Words from my reading

A few fun words that were new to me this week:

dolorous, adj Feeling or expressing great sorrow or distress
page 142, Death Comes for the Archbishop by Willa Cather
“Here, these demonstrations seemed a part of the high colour that was in landscape and gardens, in the flaming cactus and the gaudily decorated altars, — in the agonized Christs and dolorous Virgins and the very human figures of the saints.”
I guessed this was related to suffering because of its closeness to Dolorosa, and I was right!

concupiscence, n Strong sexual desire, lust
page 146, Death Comes for the Archbishop by Willa Cather
“‘Since concupiscence is the most common form of temptation, it is better for him to know something about it.'”
This was pretty clear from the context.

burnouses, pl n [aka burnoose] Thick hooded cloaks worn throughout the Arab world and North Africa
page 150, Death Comes for the Archbishop by Willa Cather
“Gold-coloured men in white burnouses came out on the stairlike flights of roofs, and stood still as statues, apparently watching the changing light on the mountain.”

coruscation, n A flash or gleam of light, a burst or play of light, as the reflection of lightning by clouds or of moonlight on the sea
page 222, Death Comes for the Archbishop by Willa Cather
“Some split into great forks which arched down almost to the ground; some did not fork at all, but the main trunk dipped downward in a strong curve, as if drawn by a bow-string; and some terminated in a thick coruscation of growth, like a crooked palm tree.”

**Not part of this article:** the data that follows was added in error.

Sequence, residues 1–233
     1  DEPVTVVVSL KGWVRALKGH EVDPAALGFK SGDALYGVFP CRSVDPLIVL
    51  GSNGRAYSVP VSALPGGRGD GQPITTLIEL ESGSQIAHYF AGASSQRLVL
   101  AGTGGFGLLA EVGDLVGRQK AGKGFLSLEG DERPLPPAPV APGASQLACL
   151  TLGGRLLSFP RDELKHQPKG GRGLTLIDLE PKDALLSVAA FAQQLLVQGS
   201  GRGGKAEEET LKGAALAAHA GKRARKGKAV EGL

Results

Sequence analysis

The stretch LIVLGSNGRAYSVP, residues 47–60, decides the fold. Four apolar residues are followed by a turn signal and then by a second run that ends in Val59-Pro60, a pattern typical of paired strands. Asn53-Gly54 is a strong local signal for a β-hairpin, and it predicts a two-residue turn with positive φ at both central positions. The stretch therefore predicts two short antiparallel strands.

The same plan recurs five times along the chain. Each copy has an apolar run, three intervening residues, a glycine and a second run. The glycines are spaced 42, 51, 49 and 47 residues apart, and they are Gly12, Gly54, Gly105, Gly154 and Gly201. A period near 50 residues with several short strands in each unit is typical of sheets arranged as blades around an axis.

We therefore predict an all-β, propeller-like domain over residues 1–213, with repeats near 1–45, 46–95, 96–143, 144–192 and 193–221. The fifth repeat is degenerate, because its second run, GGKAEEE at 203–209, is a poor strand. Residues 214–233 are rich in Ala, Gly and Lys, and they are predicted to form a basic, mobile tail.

wastrels, pl n Wasteful or good-for-nothing people
page 245, Death Comes for the Archbishop by Willa Cather
“He had found the slopes under Pike’s Peak dotted with camps, the gorges black with placer miners; thousands of people were living in tents and shacks, Denver City was full of saloons and gambling-rooms; and among all the wanderers and wastrels were many honest men, hundreds of good Catholics, and not one priest.”

postilion, n A person who rides the leading left-hand horse of a team or pair drawing a coach or carriage, especially when there is no coachman
page 283, Death Comes for the Archbishop by Willa Cather
“The postilion’s horn sounded.”

More great words on my Words from my reading page. Last week’s words were from this book too (as were the week before’s).

Reviews of books cited here:
Death Comes for the Archbishop by Willa Cather

What new words have you found lately?

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6 responses to “Words from my reading

  1. Wow, Death Comes to the Archbishop is a real treasure trove of new words, isn’t it. Wastrel is the only one I knew.

  2. Wastrels was the only word I had used before. Although they were all great, I’d like to try to use dolorous in my vocabulary! I am glad you are enjoying a book by a great Nebraskan author. 🙂

    Here are my words…
    http://westietherapy.blogspot.com/2010/03/wondrous-words-malicious-intent.html

  3. I’ve heard burnoose before, but I couldn’t define it.

  4. Wow, I like this idea! Good way to build vocabulary.

  5. There are a lot of wonderful words in that book! I am going to look this book up on line. 🙂

  6. I’ve heard of the last two, and the last is one I’ve learned from a book. My latest are calumny and pelisse. The only problem is sometimes they turn out to be ancient words (when it’s historical fiction) and that makes it so confusing because you don’t know whether it’s worth remembering or not.

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